Reflection on 1 Corinthians 10

1 For I do not want you to be ignorant of the fact, brothers, that our forefathers were all under the cloud and that they all passed through the sea. 2 They were all baptized into Moses in the cloud and in the sea. 3 They all ate the same spiritual food 4 and drank the same spiritual drink; for they drank from the spiritual rock that accompanied them, and that rock was Christ. 5 Nevertheless, God was not pleased with most of them; their bodies were scattered over the desert.

Spiritual food, spiritual drinks, and a spiritual rocks. I see a theme here. It seems that Paul is confirming that food and drinks and rocks can be much more than what they appear on the surface. One person has retorted: This is typology, not ontology. I'm not so sure.

However, I think it's fair to ask what Paul meant when he said "that Rock was Christ." He is either creating a clear metaphor, in which case one has to ask the question, "What does he really mean when he says that the rock is Christ?" Or, "What is the metaphor about in the first place?". On the other hand, Paul could be speaking literally, yet rhetorically, which leaves the questions, "How does Jesus become a Rock - and for that matter, why?

It's insanely hard to imagine a Rock literally being Christ, but no more so than trying to wrap one's head around the idea that the Eucharist is somehow literally Jesus. So perhaps what is truly important here isn't 'facts and figures' about the metaphysics of how Jesus is physically present or not present somewhere or in something, but rather the fact that in Christ we live and move and find our being. This should motivate us to share, love, serve, and willingly continue to conform ourselves to Jesus. Whether symbolic, metaphorical or literal, the point is for us to flee from the idolatry of anything that is not Christ.

We idolize many things: faith itself, religious practice, national identity, money, possessions, our jobs, status, the pursuit of happiness, liberty etc.

these things
are not
But Christ can redeem them all
For the Glory of God

The question for me in all of this is: Will I allow Jesus to do his work in us and through me, or will I stand in his way as I hold my own desires above the will of God, and refuse to die to myself?

God's will for my life is not about when, and where or how - but "whom"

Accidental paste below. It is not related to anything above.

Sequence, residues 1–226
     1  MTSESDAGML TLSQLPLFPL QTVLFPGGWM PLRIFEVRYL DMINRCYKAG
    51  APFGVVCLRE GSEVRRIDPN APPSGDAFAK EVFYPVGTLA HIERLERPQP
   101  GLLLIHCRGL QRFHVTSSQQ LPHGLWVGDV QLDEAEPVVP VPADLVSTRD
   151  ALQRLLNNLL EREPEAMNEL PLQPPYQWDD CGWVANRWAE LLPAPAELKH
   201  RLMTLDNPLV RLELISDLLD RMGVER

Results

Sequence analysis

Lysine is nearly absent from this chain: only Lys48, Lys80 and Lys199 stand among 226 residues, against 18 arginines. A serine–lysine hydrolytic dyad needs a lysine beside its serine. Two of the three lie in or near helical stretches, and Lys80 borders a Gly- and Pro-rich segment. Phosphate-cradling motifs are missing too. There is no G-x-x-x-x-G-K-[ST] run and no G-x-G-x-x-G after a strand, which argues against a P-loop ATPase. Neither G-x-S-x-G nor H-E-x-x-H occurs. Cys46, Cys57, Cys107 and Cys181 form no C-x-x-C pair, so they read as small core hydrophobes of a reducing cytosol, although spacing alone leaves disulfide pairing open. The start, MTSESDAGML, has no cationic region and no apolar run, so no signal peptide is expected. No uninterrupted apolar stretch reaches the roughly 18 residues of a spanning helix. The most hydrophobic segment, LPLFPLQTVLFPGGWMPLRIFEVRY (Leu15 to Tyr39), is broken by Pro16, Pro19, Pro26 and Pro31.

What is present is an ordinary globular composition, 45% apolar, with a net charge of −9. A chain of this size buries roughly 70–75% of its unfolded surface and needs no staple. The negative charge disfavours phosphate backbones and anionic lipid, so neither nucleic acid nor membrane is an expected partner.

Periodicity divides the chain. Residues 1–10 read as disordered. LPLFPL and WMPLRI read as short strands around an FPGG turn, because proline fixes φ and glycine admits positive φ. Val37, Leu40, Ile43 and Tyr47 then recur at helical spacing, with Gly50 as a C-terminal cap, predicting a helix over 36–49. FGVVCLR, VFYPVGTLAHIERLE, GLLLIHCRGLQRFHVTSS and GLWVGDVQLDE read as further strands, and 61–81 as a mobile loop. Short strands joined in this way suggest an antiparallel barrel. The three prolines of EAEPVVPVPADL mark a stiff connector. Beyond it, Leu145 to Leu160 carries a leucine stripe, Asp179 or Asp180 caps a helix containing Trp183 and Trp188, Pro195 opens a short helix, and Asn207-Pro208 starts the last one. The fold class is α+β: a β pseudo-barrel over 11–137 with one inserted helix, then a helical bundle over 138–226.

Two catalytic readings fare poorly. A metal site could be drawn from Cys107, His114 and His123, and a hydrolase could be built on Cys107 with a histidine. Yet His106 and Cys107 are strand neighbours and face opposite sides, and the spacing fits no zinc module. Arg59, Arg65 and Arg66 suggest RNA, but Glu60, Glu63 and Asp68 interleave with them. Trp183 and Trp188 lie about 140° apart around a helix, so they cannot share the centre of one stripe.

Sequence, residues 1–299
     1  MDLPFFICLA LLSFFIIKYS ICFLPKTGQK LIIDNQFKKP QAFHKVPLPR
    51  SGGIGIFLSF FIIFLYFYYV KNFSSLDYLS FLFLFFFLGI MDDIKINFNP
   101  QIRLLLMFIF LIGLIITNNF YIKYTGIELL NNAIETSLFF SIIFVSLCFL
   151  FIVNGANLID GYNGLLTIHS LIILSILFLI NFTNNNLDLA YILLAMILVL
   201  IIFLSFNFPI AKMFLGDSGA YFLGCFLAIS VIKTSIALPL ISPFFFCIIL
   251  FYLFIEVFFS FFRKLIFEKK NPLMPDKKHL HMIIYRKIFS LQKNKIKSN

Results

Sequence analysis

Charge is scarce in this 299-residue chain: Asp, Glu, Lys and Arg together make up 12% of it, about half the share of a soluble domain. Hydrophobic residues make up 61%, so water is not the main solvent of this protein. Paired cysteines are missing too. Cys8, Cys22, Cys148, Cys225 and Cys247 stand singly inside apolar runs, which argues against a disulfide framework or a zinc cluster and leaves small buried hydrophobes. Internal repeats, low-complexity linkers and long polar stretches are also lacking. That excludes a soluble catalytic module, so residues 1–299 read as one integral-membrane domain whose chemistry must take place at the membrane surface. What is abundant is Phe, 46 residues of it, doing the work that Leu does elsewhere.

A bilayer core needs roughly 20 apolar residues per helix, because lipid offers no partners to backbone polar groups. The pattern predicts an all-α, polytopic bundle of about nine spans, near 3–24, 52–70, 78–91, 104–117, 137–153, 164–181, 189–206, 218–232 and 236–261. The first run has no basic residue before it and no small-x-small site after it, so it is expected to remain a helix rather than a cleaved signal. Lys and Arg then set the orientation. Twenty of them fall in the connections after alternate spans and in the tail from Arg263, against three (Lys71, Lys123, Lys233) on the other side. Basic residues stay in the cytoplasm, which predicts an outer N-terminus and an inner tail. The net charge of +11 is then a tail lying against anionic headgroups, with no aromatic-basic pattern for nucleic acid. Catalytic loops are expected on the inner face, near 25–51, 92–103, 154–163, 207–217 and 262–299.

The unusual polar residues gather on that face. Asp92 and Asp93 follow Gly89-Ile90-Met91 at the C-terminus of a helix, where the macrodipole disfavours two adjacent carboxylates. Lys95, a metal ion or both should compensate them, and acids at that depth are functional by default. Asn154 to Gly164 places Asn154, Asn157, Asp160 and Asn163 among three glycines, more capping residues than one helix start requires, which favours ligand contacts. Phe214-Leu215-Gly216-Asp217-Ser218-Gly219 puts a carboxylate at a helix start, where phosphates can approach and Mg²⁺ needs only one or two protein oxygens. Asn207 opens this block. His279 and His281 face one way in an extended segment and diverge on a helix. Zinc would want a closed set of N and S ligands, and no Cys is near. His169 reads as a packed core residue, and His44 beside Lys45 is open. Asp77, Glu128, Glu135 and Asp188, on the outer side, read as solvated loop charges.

In whom do I live and move and breathe?
In whose 'image' am I conforming to - my own self-image, or Christ's image?


Seán said...

I disagree with your saying that the passages imagery being either literal, metaphorical or symbolic is unimportant to its point. I think it is incredibly important, and actually upholds your thesis that the passages point is to say "in Christ we live and move and have our being, so flee from all idolatry and anything that isn't Christ."

Saying that Christ literally was the rock leans towards a sort of paganism (maybe even wiccan specifically, if memory serves). You start heading down a dangerous road, imo, when you suggest that Christ is physically in creation because you rip down the walls of creation/creator and make them intertwined (example: a married couple can have a baby. they created that baby, that baby can have it's parents traits but the parents are not physically inside of the baby... the baby reflects its parent. I think the same sort of thing can be applied to God. He created creation which therefore shows us some part of him, but he is not physically in that creation. That make sense?)

Considering that specific passage is basically a play on the Exodus, one should look to the Exodus to understand what exactly Paul was saying. I think that the passage is much more typology than it is ontology, though there is an ontological bend to in (in so much as it's trying to make the Corinthian church realize the centrality of Jesus in everything they do, and everything they now were). I don't think it was saying that Jesus was literally a Rock... I think it was saying that Jesus provides, just like the rock did (thus providing a sort of foreshadow for the Israelites about the nature/character of the Messiah) which should, like you said, motivate people to share, love, serve and willingly conform themselves to the image of Christ.

well put!

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